Gap, Inc. changed its logo. Then changed it back.
Good thing, too, or else the Twitter world might have imploded.
While I wasn’t a huge fan of the new Gap logo, I am impressed with the success of the Internet naysayers who clamored to reverse the change.
“It’s hideous!” they cried. “We like the old Gap better!”
Never have I heard such a loud voice of discontent about a company’s logo. I didn’t think people cared that much… especially about Gap. But I guess it’s like the U.S. getting rid of the penny – it messes with the familiarity and nostalgia people so enjoy.
Lesson number one for a company: if it ain’t broke, don’t fix it.
Gap officials said they were aiming for a more modern logo that reflected the new sleekness of their clothing products.
I kind of liked the bold Helvetica of the new logo, but what’s with the box? Did someone lose a big piece of confetti on the sketch?
The new logo was a bold and striking change – too bold and striking. No more thin, preppy white lettering on navy – instead, they’re suddenly going for fat, urban white noise. Gap’s original logo was something everyone recognized. It stood out from other brands – not like the new one, which looks more like Microsoft, Target or Caterpillar.
Another mistake Gap made was opening its Facebook page to take design ideas from anyone. It was a sure-fire way to tick off American designers whose job it is to create these logos.
The problem wasn’t with the designers who created the new logo. The problem was with changing the logo in the first place. That’s what led to the cyber outrage. And it was an ugly gesture to designers when Gap tried to make its mistake into a crowd-sourcing project.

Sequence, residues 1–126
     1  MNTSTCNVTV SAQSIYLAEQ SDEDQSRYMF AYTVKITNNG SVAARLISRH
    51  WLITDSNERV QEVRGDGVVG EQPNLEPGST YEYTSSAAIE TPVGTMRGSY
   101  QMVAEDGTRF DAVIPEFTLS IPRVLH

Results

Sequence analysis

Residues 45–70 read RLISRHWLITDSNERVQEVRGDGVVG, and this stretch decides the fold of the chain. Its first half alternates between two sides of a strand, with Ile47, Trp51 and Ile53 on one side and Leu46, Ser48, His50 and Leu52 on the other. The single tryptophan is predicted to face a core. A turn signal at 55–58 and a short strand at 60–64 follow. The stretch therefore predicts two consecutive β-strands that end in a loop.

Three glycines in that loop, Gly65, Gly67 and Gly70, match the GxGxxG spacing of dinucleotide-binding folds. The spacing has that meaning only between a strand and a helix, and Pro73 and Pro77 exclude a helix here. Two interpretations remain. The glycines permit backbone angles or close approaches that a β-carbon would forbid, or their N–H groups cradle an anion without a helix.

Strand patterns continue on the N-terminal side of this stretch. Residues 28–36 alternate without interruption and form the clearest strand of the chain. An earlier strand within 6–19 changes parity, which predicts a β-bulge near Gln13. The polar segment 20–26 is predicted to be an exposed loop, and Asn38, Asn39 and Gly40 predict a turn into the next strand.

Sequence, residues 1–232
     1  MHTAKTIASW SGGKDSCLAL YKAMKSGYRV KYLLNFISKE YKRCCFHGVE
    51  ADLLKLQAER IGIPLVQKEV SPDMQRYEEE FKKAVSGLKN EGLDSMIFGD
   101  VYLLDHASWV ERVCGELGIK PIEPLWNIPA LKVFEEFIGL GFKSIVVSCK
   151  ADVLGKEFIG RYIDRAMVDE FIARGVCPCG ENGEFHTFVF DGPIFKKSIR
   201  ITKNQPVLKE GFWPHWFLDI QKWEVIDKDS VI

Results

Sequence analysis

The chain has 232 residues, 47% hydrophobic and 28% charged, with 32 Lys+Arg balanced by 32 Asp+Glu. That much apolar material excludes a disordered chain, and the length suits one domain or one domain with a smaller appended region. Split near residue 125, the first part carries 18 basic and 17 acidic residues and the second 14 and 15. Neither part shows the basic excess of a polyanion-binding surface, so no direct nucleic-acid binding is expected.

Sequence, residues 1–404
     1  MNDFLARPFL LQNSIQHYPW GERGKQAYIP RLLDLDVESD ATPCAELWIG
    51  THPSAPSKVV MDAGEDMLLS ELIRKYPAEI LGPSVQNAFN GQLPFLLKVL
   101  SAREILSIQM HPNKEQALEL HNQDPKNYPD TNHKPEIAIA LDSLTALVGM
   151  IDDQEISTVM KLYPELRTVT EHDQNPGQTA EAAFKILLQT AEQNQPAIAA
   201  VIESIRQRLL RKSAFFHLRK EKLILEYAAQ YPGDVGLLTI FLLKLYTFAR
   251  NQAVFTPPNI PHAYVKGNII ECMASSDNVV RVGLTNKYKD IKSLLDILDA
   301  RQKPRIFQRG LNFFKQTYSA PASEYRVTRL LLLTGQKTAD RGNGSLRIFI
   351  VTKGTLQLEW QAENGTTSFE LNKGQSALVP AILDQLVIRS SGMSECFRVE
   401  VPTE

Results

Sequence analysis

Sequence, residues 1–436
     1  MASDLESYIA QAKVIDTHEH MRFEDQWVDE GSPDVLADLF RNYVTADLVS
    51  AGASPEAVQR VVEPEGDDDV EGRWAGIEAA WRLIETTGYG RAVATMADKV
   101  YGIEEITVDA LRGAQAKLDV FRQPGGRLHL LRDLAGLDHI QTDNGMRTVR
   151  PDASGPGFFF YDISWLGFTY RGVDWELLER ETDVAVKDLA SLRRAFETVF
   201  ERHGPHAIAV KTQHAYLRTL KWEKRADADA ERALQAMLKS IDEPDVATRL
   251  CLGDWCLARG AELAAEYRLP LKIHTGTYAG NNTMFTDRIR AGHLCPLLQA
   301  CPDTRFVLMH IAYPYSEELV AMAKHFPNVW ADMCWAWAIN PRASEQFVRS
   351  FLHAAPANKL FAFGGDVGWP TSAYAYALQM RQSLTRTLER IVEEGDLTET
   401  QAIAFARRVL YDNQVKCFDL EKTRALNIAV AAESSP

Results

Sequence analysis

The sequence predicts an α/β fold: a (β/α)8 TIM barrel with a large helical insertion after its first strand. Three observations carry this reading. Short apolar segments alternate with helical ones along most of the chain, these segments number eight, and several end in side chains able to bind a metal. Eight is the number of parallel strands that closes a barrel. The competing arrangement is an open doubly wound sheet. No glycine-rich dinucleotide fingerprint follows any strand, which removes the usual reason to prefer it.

It’s not a bad idea to try and appeal to the masses, but let’s remember there’s a reason most companies don’t turn to the masses for logo designs. Designers know about branding. They know about Gestalt principles and color theory. They are the ones who should be designing logos. Not saying any Jane Doe can’t come up with a brilliant design idea, but this just had corporate sheepishness written all over it.
Remember the New Coke fiasco? Did Coca-Cola do that on purpose? Was Gap trying the same thing?
Maybe. But I don’t think it worked.
The new digital polis
I went to Greece this summer on a study abroad trip. While in Athens, I learned about the ancient Greek polis, or city-state. The polis was a democracy, the first of its kind. This democracy has been known through the ages as one of the most influential and interesting forms of government. Once men were old enough, they could take part in voting or trying to convince the council of their opinions. The polis made all kinds of decisions, and the rhetoric speakers used to persuade others was a thing of beauty.
The flood of discontent about the new Gap logo makes me wonder if we've reached a new kind of polis - one made up of Twitter and Facebook users. The Internet is a free-for-all, where anyone with decent communication skills can sway and convince with a Wordpress or a tweet. Others can spread that opinion around by linking to it or tagging it. Still others can comment on it and flood inboxes or Facebook walls with opinions.
What's cool is that this crazy Gap incident shows how the digital polis can exist. What this cyber "city-state" lacks is the ability to make decisions as a body. Maybe if Facebook ever installs a "dislike" button, that could happen, too.
There's a lesson to be learned here. Manipulating the digital polis is something every company needs to gain experience in. Hopefully Gap can take that into account next time it thinks it should change its logo.